“Footloose” Review: Missing Kevin Bacon

Just Netflix the original, because even spectacular dance numbers didn't save this remake

Let’s be honest: The original Footloose is not a great movie. A cheesy storyline, incredibly hammy acting, and a tractor chicken race—all ingredients for a movie disaster. Yet with the charismatic and swoonable Kevin Bacon, director Herbert Ross (Steel Magnolias), and the electrifying soundtrack featuring the eponymous Kenny Loggins’ single, the movie was greater than the sum of its parts. It became a box office smash and a classic. And for many, myself included, the movie still makes you feel nostalgic and kinda irritated that anyone would dare remake it. And after seeing the Footloose remake, you may still find yourself irritated.

Why? Because a remake should try to find something new in the material. It should look for a fresh perspective. It shouldn’t simply reset the story in a different time or place and change a few details. Unfortunately, the new Footloose does just that. It is the original film set in present-day Georgia, with a few plot changes, and a cast that apparently stepped right off the So You Think You Can Dance set.

Like the original, the film focuses on Ren (here played by Kenny Wormald), a city boy who struggles against the small town mindset of the small town Bomont. Empowered by his budding relationship with Ariel (Julianna Hough) and his friendship with Willard (Miles Teller), he begins to fight the town’s rules against loud music and dancing, directly taking on Ariel’s minister father (Dennis Quaid).

Those familiar with the original will immediately see the many, many similarities. Images of dancing feet at the beginning? Check. ‘50s-inspired clothing and hair? Check. A VW bug, the dance at the diner, the fight at the dance? Check. Check. Check. Yes there are changes: an odd dirt-track bus race instead of a tractor race, Ren with a Boston accent, more scenes devoted to amazing dancing. (For a town of only 19,000 people who haven’t been allowed to dance in year, there is an astonishing amount of ridiculously talented adolescent dancers!) Yet with scripted lines and dance steps lifted directly from the original, the movie begins to feel more like a repurpose—regurgitation?—than a remake.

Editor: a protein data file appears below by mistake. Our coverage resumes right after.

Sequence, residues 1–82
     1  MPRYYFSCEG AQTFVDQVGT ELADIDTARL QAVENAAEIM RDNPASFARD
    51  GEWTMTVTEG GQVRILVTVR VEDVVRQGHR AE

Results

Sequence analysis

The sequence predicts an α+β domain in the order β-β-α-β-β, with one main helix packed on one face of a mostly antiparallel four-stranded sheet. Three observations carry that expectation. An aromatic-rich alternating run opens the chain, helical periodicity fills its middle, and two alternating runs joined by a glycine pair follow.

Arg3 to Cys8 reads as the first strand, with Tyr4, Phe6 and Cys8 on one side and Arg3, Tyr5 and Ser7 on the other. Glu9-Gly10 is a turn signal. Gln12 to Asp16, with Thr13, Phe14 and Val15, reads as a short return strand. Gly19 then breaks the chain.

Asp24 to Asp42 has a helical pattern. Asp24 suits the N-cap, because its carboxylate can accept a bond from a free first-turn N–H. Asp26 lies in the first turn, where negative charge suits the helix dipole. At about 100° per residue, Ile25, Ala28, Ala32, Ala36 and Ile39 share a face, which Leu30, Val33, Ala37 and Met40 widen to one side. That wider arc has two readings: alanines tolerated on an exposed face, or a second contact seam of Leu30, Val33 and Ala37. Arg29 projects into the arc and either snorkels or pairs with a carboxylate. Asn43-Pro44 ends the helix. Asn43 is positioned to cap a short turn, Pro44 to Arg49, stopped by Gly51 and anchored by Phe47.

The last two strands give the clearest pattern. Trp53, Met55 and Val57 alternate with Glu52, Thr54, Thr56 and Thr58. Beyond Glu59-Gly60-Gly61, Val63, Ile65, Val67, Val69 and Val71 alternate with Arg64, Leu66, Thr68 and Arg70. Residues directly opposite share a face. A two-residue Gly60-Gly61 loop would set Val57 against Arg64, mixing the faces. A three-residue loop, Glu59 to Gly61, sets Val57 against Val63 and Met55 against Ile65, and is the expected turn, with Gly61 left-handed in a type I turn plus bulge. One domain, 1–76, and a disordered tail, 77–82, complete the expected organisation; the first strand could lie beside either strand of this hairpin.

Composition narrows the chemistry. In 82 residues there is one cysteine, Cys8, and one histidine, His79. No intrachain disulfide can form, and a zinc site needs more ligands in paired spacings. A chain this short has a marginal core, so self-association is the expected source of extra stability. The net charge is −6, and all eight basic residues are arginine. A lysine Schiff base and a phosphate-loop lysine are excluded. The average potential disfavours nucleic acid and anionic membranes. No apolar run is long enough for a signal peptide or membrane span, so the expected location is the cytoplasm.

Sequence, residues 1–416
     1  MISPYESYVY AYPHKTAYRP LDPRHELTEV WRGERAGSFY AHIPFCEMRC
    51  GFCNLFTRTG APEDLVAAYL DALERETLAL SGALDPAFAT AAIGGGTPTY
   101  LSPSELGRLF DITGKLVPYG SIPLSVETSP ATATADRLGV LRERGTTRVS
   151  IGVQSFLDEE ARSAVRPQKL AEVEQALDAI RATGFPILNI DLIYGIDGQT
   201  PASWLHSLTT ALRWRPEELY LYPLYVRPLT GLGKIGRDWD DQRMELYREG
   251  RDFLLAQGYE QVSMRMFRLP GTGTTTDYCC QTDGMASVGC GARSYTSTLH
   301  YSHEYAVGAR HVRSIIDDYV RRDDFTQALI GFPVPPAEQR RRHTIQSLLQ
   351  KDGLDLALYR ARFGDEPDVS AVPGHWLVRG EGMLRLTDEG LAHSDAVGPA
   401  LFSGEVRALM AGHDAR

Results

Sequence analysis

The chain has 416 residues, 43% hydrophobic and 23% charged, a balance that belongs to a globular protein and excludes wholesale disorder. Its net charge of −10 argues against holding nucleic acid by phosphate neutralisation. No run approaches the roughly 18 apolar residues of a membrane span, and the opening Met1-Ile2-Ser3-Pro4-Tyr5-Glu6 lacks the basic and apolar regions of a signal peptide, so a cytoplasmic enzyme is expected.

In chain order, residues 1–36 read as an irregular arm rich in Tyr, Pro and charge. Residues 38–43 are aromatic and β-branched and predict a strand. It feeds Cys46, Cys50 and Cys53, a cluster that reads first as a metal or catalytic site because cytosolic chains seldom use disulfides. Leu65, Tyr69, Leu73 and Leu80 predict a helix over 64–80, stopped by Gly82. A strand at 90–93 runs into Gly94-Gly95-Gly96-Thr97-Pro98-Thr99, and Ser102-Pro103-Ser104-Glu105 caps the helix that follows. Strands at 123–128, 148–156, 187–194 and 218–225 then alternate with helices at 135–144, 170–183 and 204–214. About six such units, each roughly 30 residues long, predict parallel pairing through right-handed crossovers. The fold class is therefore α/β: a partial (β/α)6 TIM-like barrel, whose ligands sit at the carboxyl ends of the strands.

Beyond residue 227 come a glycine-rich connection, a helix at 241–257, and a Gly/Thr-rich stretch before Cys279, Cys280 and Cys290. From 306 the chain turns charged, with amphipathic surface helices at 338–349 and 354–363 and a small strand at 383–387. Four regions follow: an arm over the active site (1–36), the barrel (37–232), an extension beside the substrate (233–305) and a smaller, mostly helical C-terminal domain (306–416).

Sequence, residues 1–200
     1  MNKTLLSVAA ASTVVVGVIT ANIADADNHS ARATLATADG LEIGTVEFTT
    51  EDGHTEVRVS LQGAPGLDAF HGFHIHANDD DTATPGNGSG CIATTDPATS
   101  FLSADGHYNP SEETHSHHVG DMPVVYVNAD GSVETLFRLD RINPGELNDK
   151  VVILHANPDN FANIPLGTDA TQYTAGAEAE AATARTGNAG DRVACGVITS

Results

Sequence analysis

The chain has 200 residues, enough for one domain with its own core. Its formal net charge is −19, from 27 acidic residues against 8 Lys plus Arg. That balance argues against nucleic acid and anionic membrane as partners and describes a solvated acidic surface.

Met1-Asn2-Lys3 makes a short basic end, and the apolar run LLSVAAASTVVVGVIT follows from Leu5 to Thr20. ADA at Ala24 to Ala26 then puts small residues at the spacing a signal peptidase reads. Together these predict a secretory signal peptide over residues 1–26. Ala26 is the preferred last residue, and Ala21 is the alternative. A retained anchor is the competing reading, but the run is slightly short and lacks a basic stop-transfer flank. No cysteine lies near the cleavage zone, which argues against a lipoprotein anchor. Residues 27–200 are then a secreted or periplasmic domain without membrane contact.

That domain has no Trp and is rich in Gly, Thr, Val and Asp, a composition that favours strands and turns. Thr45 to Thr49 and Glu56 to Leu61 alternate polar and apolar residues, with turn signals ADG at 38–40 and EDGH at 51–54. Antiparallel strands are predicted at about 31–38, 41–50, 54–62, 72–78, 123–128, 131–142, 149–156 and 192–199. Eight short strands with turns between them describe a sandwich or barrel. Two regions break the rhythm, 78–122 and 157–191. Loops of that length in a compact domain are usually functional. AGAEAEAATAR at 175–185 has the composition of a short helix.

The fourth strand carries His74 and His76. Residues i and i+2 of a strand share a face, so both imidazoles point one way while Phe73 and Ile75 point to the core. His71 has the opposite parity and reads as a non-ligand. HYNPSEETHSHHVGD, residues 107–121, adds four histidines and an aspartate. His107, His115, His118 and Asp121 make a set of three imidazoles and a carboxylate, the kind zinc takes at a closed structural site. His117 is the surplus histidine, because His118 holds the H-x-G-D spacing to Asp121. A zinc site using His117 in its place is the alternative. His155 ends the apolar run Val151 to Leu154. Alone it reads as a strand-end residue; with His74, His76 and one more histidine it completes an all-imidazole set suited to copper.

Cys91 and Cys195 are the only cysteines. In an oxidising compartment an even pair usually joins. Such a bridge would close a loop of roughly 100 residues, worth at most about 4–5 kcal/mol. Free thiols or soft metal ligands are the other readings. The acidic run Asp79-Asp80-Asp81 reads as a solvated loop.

Wormald is a tremendous dancer (you don’t see a dancing body double during his dance in the warehouse) and has some bad-boy bravado, yet ultimately his performance is flat—especially in comparison to Bacon’s. Like an understudy, he’s perfectly good but not the person you paid to see. Hough’s Ariel, on the other hand, is a bright spot. She not only possesses incredible dancing skills, but also proves to be a great actress. Of particular note is her confrontational scene with Dennis Quaid.

While it is certainly okay to pay homage and give older moviegoers some nostalgia, too often the movie is encumbered by the original. It isn’t enough to add in more dancing. Director/co-writer Craig Brewer should have felt freer with the material, after all this is Footloose, not Hamlet. New scenes should have been created. Plot points cut or rearranged. Instead, the movie feels like it’s playing dress-up in an older film’s legwarmers. Regardless, younger moviegoers, who’ve never seen the 1984 version, may be inspired by the new film. But for those of us who’ve seen the 1984 version many, many times, the new film will inspire use to watch the original again.

My Grade: C

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